New Delhi, Sept. 13: Bhishma Pitamah flung a spoke into the wheels of Narendra Modi’s rath just as it formally set out to capture Delhi this evening.
L.K. Advani, the man all of the BJP, Modi included, pays obeisance to as singular mentor-guide, refused to sit among those who raised their hands to endorse the Gujarat chief minister’s candidacy.
And on a day that high-decibel rapture erupted around the BJP headquarters on Ashoka Road, the party’s senior-most active player and verily the architect of its occupation of the national stage, issued missives of pain and disappointment from behind closed doors.
“I had told you about my pain when you had come to inform me about the parliamentary board meeting this afternoon,” Advani wrote to BJP president Rajnath Singh.
“And I had also told you a few things about my disappointment with your running of the party… I told you I will think about coming and expressing my sentiments to all (parliamentary board) members, but I have decided it will be better if I do not go to today’s meeting.”
This may have been as strong a dissenting note the loyal son of the Sangh could have drafted but, like his resignation after his party’s Goa meet in June, it moved nothing.
When copies of it were handed out to frenzied media hands bivouacked at Advani’s shuttered doorstep, Modi had already been named the BJP’s prime ministerial nominee.
It had the ring of a defeated man bleating and begging off — “It will be better if I do not go to today’s meeting….”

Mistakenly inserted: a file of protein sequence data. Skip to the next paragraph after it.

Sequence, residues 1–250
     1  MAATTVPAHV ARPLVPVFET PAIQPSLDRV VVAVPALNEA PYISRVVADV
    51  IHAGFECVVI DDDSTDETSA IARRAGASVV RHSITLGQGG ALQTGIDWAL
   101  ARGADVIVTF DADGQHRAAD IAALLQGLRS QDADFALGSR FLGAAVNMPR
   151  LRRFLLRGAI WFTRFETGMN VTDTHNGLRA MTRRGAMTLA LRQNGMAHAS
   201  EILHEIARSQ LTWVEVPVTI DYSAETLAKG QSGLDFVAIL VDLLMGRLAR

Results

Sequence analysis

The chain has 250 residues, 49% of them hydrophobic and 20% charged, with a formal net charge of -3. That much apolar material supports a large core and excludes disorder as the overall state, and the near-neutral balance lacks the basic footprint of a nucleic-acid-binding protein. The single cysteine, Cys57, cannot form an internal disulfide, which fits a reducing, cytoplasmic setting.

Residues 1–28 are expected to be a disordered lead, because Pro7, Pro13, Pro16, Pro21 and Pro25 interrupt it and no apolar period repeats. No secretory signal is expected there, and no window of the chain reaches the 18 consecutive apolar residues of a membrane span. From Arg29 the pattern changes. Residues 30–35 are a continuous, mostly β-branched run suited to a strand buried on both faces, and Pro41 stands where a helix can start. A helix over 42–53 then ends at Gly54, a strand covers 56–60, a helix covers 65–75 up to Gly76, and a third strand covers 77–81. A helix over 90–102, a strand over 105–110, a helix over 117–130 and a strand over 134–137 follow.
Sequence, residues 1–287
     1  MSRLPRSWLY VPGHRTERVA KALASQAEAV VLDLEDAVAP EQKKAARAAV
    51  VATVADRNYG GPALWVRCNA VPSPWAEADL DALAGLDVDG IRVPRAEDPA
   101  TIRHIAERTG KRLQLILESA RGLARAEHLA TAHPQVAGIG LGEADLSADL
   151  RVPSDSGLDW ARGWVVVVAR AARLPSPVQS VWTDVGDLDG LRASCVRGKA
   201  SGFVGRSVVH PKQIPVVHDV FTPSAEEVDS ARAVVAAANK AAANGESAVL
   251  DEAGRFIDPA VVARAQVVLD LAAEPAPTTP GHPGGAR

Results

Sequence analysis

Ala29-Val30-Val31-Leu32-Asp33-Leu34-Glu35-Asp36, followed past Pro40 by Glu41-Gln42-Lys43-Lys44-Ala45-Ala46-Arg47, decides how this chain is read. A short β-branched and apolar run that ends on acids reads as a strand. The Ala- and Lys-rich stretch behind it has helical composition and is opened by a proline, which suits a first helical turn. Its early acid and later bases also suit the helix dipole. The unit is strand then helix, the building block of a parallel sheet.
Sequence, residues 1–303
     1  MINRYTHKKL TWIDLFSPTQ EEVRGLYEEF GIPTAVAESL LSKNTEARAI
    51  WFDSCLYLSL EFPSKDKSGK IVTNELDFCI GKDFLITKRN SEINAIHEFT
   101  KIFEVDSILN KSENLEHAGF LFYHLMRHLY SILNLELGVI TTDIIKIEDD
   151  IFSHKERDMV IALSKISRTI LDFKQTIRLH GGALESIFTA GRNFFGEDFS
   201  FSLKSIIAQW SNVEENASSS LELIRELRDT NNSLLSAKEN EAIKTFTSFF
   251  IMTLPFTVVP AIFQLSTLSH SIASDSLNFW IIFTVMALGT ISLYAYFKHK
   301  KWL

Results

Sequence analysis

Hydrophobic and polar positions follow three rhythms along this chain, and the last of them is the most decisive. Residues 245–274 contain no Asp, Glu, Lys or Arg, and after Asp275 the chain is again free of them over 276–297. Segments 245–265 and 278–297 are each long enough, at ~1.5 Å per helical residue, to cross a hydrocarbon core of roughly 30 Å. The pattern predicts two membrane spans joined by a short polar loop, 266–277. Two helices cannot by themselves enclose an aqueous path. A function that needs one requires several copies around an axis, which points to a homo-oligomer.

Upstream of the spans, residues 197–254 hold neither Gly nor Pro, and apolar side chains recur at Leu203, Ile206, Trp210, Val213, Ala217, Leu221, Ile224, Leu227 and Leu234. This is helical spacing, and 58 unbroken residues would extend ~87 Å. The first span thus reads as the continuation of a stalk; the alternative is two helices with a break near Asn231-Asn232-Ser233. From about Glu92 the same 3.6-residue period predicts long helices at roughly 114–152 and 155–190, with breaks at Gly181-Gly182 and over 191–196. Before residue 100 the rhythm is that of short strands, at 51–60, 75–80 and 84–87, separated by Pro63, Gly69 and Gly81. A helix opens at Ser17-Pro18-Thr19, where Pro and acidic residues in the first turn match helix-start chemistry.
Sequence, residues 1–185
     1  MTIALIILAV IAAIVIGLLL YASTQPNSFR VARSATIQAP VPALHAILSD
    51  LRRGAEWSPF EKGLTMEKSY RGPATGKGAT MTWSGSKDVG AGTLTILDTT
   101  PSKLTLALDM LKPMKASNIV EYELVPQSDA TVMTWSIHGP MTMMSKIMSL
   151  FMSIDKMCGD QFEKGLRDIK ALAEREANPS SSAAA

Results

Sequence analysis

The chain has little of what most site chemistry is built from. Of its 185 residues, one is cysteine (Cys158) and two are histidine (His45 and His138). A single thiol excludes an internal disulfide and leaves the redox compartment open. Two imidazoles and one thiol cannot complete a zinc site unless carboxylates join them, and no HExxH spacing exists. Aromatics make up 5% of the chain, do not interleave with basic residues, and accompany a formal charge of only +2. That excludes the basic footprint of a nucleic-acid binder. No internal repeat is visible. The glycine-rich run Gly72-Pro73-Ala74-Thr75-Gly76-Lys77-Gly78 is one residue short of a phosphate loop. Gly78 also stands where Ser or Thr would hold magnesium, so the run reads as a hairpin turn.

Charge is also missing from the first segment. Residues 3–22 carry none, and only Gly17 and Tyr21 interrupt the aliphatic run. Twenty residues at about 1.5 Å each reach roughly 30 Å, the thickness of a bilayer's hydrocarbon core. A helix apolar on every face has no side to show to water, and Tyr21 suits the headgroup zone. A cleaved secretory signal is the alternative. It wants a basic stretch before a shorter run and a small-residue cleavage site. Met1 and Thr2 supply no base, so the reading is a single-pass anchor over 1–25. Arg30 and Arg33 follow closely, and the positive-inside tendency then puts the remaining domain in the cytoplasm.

Advani already had a good sense he had been pushed into a solitary corner, forsaken by people who he had nursed into positions they occupy today.
He knew it would not matter that there was an empty seat close to the head of the parliamentary board table.
He knew it would not matter that his absence made the party with a difference look too much like a party with differences.
He knew he would not matter on the collective called the BJP parliamentary board; if he had to stick out like a sore thumb, he’d rather be sore and at home.
It had not mattered to anyone that he had been resisting all along, refusing to turn weary by repeated entreaty, refusing to be moved.
Modi’s rath moved, spoke or no spoke; or perhaps overrunning the spoke.
Its first port of call after being flagged off by the party brass was the home of the man who hadn’t come to pat Modi on: Advani’s Prithviraj Road residence. Modi was, as usual, in the front seat of a souped-up SUV, beaming, waving a turbulent media scrum off, squelching in to demand what Advani has appeared reluctant all along to give: his blessings.
The attendance had swelled and ebbed all day at the approach to the patriarch’s home, an incessant scurry of VVIP cavalcades arriving and leaving, the traffic mostly stalled, the securitymen left hapless.
By late afternoon, though, all Advani was left with was an armada of television OB vans, anchored outside; his army had all trickled off to anoint another king at another place.
Coronation done, word arrived that the king was on his way, like raja to rishi, for consecrating rajyabhishek.
“But will he even be welcome?” someone asked in the clamour. “Atithi devo bhava,” replied a voice from among the safari-suited men guarding the gates, guests are gods.
Advani had ordered a bouquet post haste; a household retailer had slipped in with a cellophane-wrapped bunch minutes before Modi arrived. Nobody had opportunity to count the number of red roses ordered. Nor the thorns.